Do colleges look at attendance? This depends. A lot of the time, they don’t look at individual attendance sheets. However, not regularly showing up to classes affects your GPA. College admissions require specific grade point averages to get in.
Discussed below is a thorough look at how university admissions view attendance, as well as everything else they look for. Keep reading to find out.
Do Colleges Look at Attendance?
The answer is yes and no. A university’s admissions team would not go through applicants’ attendance sheets one by one. However, missing classes would affect your GPA. Each college requires a specific grade point average to get in, so less than excellent attendance ultimately affects your enrollment chances.
Also, if you have taken months off school at once, this would be on your permanent record. Depending on how competitive the program you applied to is, how perceived the months you took off would differ.
If you have the habit of regularly bunking classes, don’t continue to do this in university. You’ll end up failing, as you need to be there when your professor explains more challenging topics to you.
What Do College Admissions Look At?
Now that you know that colleges don’t really look at attendance, here’s what they do look at.
A Dip in Grades
Are you a straight-A student? University admissions will go through your high school transcripts. If they see that you went from straight As to getting Cs and Ds, you’ll be questioned about this.
There is usually an Additional Information section on college applications. Explain why your grades dropped. Make your school counselor address the drop in grades in your recommendation letter as well. If you have a good reason, like an illness, you need not worry.
College admissions like it when students take advanced classes. However, you may have taken AP classes and then switched to regular classes mid-way. This would be alarming, as it would show the admissions team that you can’t keep up with more challenging lessons.
Something else that would be of concern would be you dropping subjects related to the program you want to study. It wouldn’t look good if you drop “major” classes either.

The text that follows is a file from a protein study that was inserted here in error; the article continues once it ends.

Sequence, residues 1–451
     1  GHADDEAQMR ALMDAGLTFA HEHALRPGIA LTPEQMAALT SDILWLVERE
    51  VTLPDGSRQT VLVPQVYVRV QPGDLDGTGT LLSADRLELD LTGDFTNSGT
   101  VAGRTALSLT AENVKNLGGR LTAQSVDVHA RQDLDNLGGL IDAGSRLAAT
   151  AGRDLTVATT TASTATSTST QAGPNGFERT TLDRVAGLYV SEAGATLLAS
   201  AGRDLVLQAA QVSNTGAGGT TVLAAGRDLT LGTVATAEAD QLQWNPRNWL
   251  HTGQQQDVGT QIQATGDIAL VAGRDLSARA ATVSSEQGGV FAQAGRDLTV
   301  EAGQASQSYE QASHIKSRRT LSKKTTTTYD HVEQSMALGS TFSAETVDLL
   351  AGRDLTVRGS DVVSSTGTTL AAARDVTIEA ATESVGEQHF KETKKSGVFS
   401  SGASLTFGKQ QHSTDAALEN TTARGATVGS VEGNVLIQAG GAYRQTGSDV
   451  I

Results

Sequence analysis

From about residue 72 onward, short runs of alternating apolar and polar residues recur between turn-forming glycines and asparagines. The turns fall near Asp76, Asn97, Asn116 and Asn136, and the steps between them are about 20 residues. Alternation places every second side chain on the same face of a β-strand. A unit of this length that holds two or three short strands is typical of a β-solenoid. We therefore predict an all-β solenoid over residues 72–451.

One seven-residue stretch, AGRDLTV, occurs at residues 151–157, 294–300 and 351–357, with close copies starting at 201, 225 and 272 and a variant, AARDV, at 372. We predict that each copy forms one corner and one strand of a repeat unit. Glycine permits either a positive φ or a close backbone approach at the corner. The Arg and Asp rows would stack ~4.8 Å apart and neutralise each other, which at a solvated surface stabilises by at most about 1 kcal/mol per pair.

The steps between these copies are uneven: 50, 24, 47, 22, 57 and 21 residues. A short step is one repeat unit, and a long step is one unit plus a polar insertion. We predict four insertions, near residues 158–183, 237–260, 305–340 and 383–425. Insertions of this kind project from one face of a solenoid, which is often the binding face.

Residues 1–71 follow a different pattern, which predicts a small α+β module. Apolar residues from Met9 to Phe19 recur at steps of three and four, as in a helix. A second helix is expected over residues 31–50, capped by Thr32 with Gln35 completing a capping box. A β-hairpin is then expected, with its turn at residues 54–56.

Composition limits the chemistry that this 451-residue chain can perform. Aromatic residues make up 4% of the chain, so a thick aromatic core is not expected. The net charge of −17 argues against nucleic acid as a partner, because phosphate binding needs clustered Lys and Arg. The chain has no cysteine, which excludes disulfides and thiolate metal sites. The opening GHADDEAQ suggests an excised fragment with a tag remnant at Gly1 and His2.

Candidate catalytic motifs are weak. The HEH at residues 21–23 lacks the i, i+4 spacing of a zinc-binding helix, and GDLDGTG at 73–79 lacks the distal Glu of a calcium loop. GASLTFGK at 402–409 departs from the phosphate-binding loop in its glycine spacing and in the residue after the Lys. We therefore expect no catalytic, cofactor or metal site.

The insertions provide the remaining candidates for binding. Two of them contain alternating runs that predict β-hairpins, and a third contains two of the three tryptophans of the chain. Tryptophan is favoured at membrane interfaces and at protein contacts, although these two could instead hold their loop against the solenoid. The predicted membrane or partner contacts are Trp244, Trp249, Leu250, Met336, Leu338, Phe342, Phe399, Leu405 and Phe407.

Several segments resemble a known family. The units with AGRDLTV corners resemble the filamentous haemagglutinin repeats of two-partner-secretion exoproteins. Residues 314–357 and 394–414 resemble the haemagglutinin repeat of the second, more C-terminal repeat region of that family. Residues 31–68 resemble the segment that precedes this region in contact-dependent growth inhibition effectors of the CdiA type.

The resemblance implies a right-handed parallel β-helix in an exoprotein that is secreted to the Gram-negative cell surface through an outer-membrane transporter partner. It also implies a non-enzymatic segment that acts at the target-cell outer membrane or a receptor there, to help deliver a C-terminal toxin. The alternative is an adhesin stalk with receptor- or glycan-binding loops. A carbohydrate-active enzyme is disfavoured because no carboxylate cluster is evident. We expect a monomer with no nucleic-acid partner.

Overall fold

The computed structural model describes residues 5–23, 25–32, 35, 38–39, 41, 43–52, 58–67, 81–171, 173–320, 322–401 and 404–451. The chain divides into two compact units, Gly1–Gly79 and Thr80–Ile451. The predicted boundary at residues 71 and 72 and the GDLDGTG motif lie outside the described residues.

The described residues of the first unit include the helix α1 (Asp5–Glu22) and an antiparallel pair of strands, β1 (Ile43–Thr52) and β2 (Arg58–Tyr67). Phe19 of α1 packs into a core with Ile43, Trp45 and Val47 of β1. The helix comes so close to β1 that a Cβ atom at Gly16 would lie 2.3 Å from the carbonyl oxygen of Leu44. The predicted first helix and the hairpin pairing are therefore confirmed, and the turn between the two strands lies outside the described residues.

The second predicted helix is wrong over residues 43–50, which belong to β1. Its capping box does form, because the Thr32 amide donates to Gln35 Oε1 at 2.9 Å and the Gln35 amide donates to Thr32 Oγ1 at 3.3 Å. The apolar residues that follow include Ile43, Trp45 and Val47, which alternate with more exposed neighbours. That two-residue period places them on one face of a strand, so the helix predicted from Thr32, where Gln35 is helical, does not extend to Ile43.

Once again, use the Additional Information section on your application to explain yourself.
Inconsistent Information in Transcripts
Admissions teams would go through every single document you’ve submitted. There’ll be a problem if there is conflicting information on your transcripts.
There is no solution to this, just preventive measures. Double-check everything you’re submitting, and don’t lie to pad your application.
If you focused on your studies too much didn’t do any extracurricular activities, this is fine. Make sure you make a compelling story about how you wanted to focus on your studies in your personal statement.
Any Disciplinary Infractions
If there are a few minor disciplinary infractions on your record, this won’t be a big deal. That being said, you may have suspensions and expulsions on your record. They would be of concern, and you probably wouldn’t be let into the program you applied to. The college could see you as a danger to others.
Even if you have perfect grades, a suspension or expulsion would negatively affect your chances of getting into a good school.
You could use the Additional Information section, once again, to explain the disciplinary infractions. Meet with your guidance counselor when creating your personal statement too. They will help you use the disciplinary infraction you faced as the subject for a good college essay. Hopefully, your guidance counselor can write about how much you’ve matured in your recommendation letter.
How Do You Improve Your Attendance?
Remember that if you keep missing classes, your GPA would be negatively affected. You could be missing classes when your teacher discusses complex topics, making you not do well in your final exams. You need a good GPA if you want a scholarship or to get into a competitive program.
Moreover, you would have a lot of catching up to if you keep getting absent. Ask yourself if this work would be worth it.
The school you’re going to maybe a private school. Even when you’re missing classes, you’ll still be paying the semester fees. This would be cash down the drain.
College admissions don’t really take attendance into account. It would only be taken into consideration if it’s on your permanent record, and this might only take place if you’ve missed months of school at a time.
Some things universities do look at are your:
- Change in curriculums
- Disciplinary infractions
- Inconsistent information in transcripts
Luckily, there is an Additional Information section in most college applications. You can use it to explain why your grades dropped, or why you changed from AP classes to ordinary ones.